“In the last forty-plus years there isn’t one second I’ve lived, from absolute joy to utter heartbreak, that would have been made better by drinking,” says Rebeta-Burditt. “Not one.”
As a tired young wife and mother of three in the late 1960′s, Rebeta-Burditt spent three months in a hospital psych ward being treated for alcoholism. She documented this time in her life in the best-selling 1977 autobiographical novel, The Cracker Factory. This sequel, The Cracker Factory 2, reintroduces readers to the main character, Cassie Barrett, in the present day. She is now a regular at the Tuesday night Women’s Alcoholics Anonymous Group with forty-one years of sobriety under her belt. In chapters written in screenplay script format, readers meet the other women in Cassie’s group, ranging from the angry teenage foster child, Terri, to the sassy and sarcastic seventy-two-year-old Katherine. Together the women support each other through life’s ups and downs, including serious health issues and a husband gone missing, with the ongoing goal of maintaining sobriety.
Unlike the original Cracker Factory, which was written as a traditional novel, this book presents not only the fictional Cassie’s story, but includes alternating chapters chronicling the author’s true-life journey to AA and life as a sober television executive and writer in the drug- and booze-fueled Hollywood of the 1970s and ’80s. She writes of being left out of after-hours networking events because she didn’t drink and being the only tired person present at late-into-the-evening meetings because she hadn’t snorted cocaine with the rest of the office.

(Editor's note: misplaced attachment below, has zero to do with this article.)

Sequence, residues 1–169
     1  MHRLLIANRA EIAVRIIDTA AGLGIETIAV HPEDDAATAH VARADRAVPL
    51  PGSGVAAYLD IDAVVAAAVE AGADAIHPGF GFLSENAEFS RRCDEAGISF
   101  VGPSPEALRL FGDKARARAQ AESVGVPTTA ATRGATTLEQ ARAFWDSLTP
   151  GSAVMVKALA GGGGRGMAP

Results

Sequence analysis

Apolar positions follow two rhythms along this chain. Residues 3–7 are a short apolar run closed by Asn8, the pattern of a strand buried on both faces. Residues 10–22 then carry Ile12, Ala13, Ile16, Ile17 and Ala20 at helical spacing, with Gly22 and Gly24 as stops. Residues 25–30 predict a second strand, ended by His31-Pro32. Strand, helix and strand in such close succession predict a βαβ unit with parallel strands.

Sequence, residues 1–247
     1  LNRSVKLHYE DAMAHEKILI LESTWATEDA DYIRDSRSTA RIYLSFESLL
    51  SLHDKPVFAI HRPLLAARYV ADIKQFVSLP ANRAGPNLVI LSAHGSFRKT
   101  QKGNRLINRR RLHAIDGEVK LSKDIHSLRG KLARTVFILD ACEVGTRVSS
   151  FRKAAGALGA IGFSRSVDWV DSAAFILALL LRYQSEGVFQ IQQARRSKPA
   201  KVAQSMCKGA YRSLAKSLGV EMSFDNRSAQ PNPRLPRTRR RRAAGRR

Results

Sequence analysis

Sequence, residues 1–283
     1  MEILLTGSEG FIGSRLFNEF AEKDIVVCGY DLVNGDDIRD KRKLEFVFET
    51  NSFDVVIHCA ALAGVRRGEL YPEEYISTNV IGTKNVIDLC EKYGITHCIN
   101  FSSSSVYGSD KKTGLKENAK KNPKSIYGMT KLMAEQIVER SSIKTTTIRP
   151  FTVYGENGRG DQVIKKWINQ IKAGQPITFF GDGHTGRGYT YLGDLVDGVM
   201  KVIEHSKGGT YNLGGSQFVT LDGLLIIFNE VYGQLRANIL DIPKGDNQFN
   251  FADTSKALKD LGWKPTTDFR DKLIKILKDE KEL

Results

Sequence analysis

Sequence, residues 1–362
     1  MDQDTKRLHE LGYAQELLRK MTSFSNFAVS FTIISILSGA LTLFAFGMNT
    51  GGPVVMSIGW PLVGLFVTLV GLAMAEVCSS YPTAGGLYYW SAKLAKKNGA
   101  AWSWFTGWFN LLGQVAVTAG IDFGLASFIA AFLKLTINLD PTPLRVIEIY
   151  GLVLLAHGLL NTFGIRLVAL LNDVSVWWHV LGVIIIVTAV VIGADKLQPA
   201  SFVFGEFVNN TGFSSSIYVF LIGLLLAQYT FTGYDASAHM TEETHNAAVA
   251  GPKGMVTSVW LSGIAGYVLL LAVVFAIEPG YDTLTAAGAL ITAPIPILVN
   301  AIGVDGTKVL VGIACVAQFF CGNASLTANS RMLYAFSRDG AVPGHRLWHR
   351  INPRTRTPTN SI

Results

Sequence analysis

Though the script format of Cassie’s chapters can feel awkward at first, it is worth the effort to continue reading. Rebeta-Burditt writes with a witty voice of reason, especially when faced with extraordinary situations like the missing husband or the office full of cokeheads, and she doesn’t sugarcoat her feelings about the need for alcoholics to seek help. Readers who have connections to AA or Al-Anon will find validation and support in these pages, and those who are curious about the sometimes mysterious program will catch a glimpse into how it all works. One of the key aspects of AA that makes it so successful is that the alcoholic seeking recovery becomes part of a group. As Cassie explains it, “Without the experience, strength, and hope we can give each other, each of us is an island floating off to nowhere.”